Friday, 28 September 2007

A sophist for prime minister?

Former Culture Minister Evangelos Venizelos' leadership challenge to Pasok President George Papandreou seems unstoppable. According to a GPO poll taken a week after the election, an absolute majority of Pasok voters (53 percent) say they will pick him in a November 11 leadership election, compared to just 39 percent for Papandreou. That is believable because close to two million Pasok supporters now declare they will participate in the vote ­ twice the number that elected Papandreou unopposed in 2004. It seems to seal Papandreou's fate that two thirds of Pasok voters think Venizelos can beat Karamanlis, compared to barely a quarter in his corner.

Papandreou's shortcomings as party leader are readily apparent. He is accused of forming a camp within a camp and running Pasok without transparency or the full use of its intellectual resources. That is because Papandreou tried to distance himself from the old guard, which he rightly saw as an electoral liability. Yet he neither purged it nor made peace with it, hoping that, given enough rope, it would hang itself. Too late, last week, he announced that he had been wrong not to "confront head-on the practices, people and ideas which represented negative aspects of our policy." Quite the opposite, in fact. Papandreou brought out of mothballs Costas Laliotis, the widely reviled former public works minister, to run his election campaign. He had been obligingly put in the wardrobe by Papandreou's predecessor, Costas Simitis.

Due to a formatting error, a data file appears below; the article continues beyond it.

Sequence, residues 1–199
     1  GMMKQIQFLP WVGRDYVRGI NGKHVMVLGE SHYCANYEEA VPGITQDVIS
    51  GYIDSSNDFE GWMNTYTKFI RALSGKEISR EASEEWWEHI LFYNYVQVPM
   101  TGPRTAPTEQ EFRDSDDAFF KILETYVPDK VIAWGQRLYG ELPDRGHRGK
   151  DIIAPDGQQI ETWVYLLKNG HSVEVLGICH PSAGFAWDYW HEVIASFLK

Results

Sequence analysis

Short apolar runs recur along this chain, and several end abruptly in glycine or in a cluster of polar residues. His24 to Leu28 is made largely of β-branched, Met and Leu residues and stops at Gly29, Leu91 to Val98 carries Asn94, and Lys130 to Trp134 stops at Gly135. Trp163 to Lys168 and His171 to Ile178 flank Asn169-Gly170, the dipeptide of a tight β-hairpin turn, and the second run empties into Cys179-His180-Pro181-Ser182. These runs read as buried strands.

Even so, his strategy might have upstaged the old guard had he himself articulated the clear new identity and vision socialists crave. But he had trouble forming a policy platform (it came last spring, two years late) and bringing his best speakers forward to advertise it. He shot himself in the foot with a loss of nerve, most disappointingly on education reform. At first he agreed with changes to the way in which universities are governed, only to pull the socialist team out of cross-party talks shaping a proposal to the government. He agreed with a constitutional reform to allow non-state universities, then aborted.

It is impossible to believe that Papandreou has not acted against his own convictions. He is by word and deed an overturner of established practice, not a protector of it ­ most notably in his brilliant tenure as foreign minister. Conviction was the only winning strategy Papandreou offered since failing to find his leverage as a party bureaucrat, a bridge-builder with his peers or as an articulate orator. Venizelos, a member of the old guard, is now seen by many as the inevitable evolutionary next step.

Unfortunately that choice puts Pasok between a rock and a hard place, because Venizelos' shortcomings are more worrying than Papandreou's. A constitutional scholar and undeniably quick-witted speaker he may be; but where Papandreou abandoned his convictions, Venizelos seems to have none. His career is dotted with examples of pursuing politically expedient choices to achieve ulterior goals.